Erik is a Senior Fellow with both the Illinois Policy Institute and Pennsylvania’s Commonwealth Foundation. He also testified before Congress and two state legislatures, and he gave a presentation before the Secretaries’ Innovation Group on unique research on the welfare system. He has provided services to organizations in seven difference states plus the Heritage Foundation. He also teaches economics at the York College of Pennsylvania.
Erik Randolph began his professional career in 1986 at the U.S. General Accounting Office, where he was trained as a program evaluator. He coauthored the GAO Staff Study U.S. Science and Engineering Base: A Synthesis of Concerns About Budget and Policy Development and received a “Special Commendation Award” for “outstanding contributions” to the staff study.
Afterwards, Erik became a senior fellow with the University-Industry Programs division at the New York State Science and Technology Foundation. In 1989, Erik moved back to his native Pennsylvania to work for the Office of Technology Development at Pennsylvania’s Department of Commerce, helped solidify the newly formed Industrial Resource Center program and produced a statistical report profiling defense spending in the state.
In 1991, Erik became an budget analyst with the Committee on Appropriations, Pennsylvania House of Representatives. He developed expertise in the legislative process, the drafting of legislation, fiscal analysis, forecasting costs of proposed legislation, budgeting, revenue forecasting, debt analysis, and capital budgeting. Erik wrote bill analyses, hundreds of fiscal notes, budget briefings, and white papers. He was given responsibility of special projects on behalf of the chairman. He organized forums and hearings on areas of public policy, participated on task forces, worked on bipartisan issues, and negotiated legislation.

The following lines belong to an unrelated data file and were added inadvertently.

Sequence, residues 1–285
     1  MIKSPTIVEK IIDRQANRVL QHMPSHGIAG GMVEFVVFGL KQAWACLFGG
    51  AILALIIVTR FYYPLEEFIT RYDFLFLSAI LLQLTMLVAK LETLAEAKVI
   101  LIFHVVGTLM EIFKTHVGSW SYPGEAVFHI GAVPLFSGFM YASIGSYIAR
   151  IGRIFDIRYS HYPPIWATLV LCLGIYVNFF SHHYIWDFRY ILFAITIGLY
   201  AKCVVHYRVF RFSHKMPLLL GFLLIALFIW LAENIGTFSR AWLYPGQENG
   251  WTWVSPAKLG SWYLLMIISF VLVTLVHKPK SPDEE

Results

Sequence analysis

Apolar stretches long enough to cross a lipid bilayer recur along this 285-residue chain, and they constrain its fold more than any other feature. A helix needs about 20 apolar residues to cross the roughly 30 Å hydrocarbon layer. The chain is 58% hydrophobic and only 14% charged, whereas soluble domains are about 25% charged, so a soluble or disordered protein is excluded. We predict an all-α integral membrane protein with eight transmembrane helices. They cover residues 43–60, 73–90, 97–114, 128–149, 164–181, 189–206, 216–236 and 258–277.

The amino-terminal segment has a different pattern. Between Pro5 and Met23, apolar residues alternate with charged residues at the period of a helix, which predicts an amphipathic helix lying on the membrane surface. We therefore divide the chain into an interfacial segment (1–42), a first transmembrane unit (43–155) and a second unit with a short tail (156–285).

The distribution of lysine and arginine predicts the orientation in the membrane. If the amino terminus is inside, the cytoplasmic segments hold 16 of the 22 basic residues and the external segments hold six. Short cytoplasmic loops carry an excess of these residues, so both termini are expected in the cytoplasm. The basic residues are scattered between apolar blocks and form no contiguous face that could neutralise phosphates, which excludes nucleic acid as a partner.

In 2011, Erik became a special assistant to the Pennsylvania Secretary of Public Welfare. He led teams of executive staff on numerous projects, including preparing congressional testimony and recommendations for changes in federal law. He developed a Welfare Cliff model, demonstrating the economic impact of the welfare system on specific household types, and led a team of staff that developed a prototype solution. He led another group of staff that developed options relating to linking child support to subsidized childcare services, addressing a conflict between Court Rules of Civil Procedure on child support and departmental regulations.
From 1996 to 2013, Erik taught principles of economics on a part-time basis for the Harrisburg Area Community College.
Erik received a Master of Science degree in science and technology studies from the College of Humanities at Rensselaer Polytechnic Institute in 1988 with a 3.875/4.0 grade point average. He has two Bachelor degrees from the Pennsylvania State University: a Bachelor of Science degree from the University’s College of Science (mathematics) and a Bachelor of Arts degree from its College of Liberal Arts (political science).